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Federal Home Loan Mortgage Corp. v. Capps

United States District Court, N.D. Alabama, Southern Division

March 4, 2019

ROBERT B. CAPPS, et al., Defendant,



         Plaintiff Federal Home Loan Mortgage Corporation (“Plaintiff” or “Freddie Mac”) brought this action against Defendants Robert B. Capps and Brenda N. Capps (“Defendants” or “the Capps”) in the Circuit Court of Jefferson County, seeking possession of real property the Capps had allegedly refused to vacate after foreclosure. (Doc. 1-1 at 2-10). The Capps initially answered, (doc. 1-1 at 19-24), but then amended their answer and counterclaimed against Freddie Mac and other entities, (id. at 32-67). The Capps last amended their counterclaim on September 19, 2016, asserting claims against: Freddie Mac; Mortgage Electronic Registration Systems, Inc. (“MERS”); New Penn Financial LLC, both individually and d/b/a Shellpoint Mortgage Servicing; Shellpoint Mortgage Servicing; and Shellpoint Partners, LLC[2] (all collectively, the “Counter-Defendants”).[3](Doc. 1-5 at 48-84). On October 20, 2016, Freddie Mac removed the action to this court. (Doc.1).

         Counter-Defendants have now moved for summary judgment on the Capps' counterclaim. (Doc. 32). The Capps have responded in opposition, (doc. 38), [4] and Counter-Defendants have submitted a reply brief, (doc. 39). The motion is fully briefed and ripe for review. For the reasons stated more fully below, Counter-Defendants' motion for summary judgment is GRANTED IN PART and DENIED IN PART

         I. Standard of Review

         Under Rule 56(a) of the Federal Rules of Civil Procedure, summary judgment is proper “if the movant shows that there is no genuine dispute as to any material fact and the movant is entitled to judgment as a matter of law.” “Rule 56(c) mandates the entry of summary judgment, after adequate time for discovery and upon motion, against a party who fails to make a showing sufficient to establish the existence of an element essential to that party's case, and on which that party will bear the burden of proof at trial.” Celotex Corp. v. Catrett, 447 U.S. 317, 322 (1986). The moving party bears the initial burden of proving the absence of a genuine issue of material fact. Id. at 323. The burden then shifts to the nonmoving party, who is required to “go beyond the pleadings” to establish that there is a “genuine issue for trial.” Id. at 324. (citation and internal quotation marks omitted). A dispute about a material fact is genuine “if the evidence is such that a reasonable jury could return a verdict for the nonmoving party.” Anderson v. Liberty Lobby, Inc., 477 U.S. 242, 248 (1986).

         The Court must construe the evidence and all reasonable inferences arising from it in the light most favorable to the non-moving party. Adickes v. S.H. Kress & Co., 398 U.S. 144, 157 (1970); see also Anderson, 477 U.S. at 255 (all justifiable inferences must be drawn in the non-moving party's favor). Any factual disputes will be resolved in Plaintiff's favor when sufficient competent evidence supports Plaintiff's version of the disputed facts. See Pace v. Capobianco, 283 F.3d 1275, 1276-78 (11th Cir. 2002) (a court is not required to resolve disputes in the non-moving party's favor when that party's version of the events is supported by insufficient evidence). However, “mere conclusions and unsupported factual allegations are legally insufficient to defeat a summary judgment motion.” Ellis v. England, 432 F.3d 1321, 1326 (11th Cir. 2005) (per curiam) (citing Bald Mtn. Park, Ltd. v. Oliver, 836 F.2d 1560, 1563 (11th Cir. 1989)). Moreover, “[a] mere ‘scintilla' of evidence supporting the opposing party's position will not suffice; there must be enough of a showing that the jury could reasonably find for that party.” Walker v. Darby, 911 F.2d 1573, 1577 (11th Cir. 1990) (citing Anderson, 477 U.S. at 252).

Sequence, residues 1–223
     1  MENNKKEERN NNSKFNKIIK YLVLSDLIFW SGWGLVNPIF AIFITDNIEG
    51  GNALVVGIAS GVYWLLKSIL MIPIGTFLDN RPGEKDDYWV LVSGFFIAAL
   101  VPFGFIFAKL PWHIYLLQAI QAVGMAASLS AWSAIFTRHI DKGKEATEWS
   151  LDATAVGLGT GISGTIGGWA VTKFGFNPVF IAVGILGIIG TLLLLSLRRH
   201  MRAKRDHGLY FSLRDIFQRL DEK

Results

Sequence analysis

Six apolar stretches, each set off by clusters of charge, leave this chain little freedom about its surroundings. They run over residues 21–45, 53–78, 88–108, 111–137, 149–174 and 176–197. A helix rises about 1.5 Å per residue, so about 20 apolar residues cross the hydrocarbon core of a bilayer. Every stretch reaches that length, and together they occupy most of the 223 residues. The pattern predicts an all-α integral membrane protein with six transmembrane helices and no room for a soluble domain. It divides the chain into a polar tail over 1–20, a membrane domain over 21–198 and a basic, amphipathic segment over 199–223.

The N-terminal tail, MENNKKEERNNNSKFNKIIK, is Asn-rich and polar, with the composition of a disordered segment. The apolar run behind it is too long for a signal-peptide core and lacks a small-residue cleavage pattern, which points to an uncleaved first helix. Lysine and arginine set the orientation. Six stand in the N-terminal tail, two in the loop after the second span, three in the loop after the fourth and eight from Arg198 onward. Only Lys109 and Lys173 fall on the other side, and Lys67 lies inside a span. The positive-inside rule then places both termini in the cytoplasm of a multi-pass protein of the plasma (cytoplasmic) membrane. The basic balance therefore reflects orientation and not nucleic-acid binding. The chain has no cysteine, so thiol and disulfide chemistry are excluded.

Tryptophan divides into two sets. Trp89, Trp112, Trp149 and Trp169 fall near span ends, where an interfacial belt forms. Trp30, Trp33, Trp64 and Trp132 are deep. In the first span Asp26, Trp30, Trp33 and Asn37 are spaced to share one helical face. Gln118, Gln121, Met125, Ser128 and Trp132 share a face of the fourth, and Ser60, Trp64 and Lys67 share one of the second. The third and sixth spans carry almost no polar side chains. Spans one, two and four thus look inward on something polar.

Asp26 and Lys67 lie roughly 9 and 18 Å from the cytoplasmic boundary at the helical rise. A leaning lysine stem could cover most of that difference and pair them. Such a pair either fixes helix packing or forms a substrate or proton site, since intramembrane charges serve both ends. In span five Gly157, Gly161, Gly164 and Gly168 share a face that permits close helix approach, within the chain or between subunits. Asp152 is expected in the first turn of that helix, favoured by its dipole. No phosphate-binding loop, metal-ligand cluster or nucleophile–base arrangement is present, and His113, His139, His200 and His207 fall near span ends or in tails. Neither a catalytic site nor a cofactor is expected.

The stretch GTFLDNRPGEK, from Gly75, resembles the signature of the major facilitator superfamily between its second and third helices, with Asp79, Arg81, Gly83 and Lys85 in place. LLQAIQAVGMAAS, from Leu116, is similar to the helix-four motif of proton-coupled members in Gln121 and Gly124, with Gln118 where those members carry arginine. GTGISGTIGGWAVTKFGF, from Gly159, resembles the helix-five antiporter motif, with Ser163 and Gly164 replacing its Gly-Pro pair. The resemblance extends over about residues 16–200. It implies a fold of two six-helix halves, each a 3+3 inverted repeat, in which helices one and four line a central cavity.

II. Summary Judgment Facts[5]

         On March 5, 2009, Robert Capps executed and delivered a note in the original principal amount of $245, 000.00, (doc. 32-2), to MetLife Home Loans, secured by a real estate mortgage executed by the Capps for the real property located at 3200 Cahaba Brook Circle, Birmingham, Alabama, 35242 (“the Property”), (doc. 32-3). (Doc. 1-5 at ¶ 5; doc. 32-18 at 4-5 (32:12-33:17), 6 (37:10-38:15)). The mortgage was assigned to JPMorgan Chase Bank, N.A. (“Chase”), effective December 12, 2013. (Doc. 32-19 at 2). Servicing of the loan transferred to Chase on March 1, 2013. (Doc. 32-18 at 8 (45:10-46:15)). Chase then assigned the mortgage to Shellpoint, effective July 20, 2013. (Doc. 32-1[6] at ¶ 7; doc. 32-4). Servicing of the loan was transferred to Resurgent Mortgage Servicing (“Resurgent”) effective July 17, 2013. (Doc. 32-1 at ¶ 8; doc. 32-5). Resurgent was subsequently acquired by Shellpoint, and servicing of the loan transferred to Shellpoint effective March 1, 2014. (Doc. 32-1 at ¶ 9; doc. 32-6).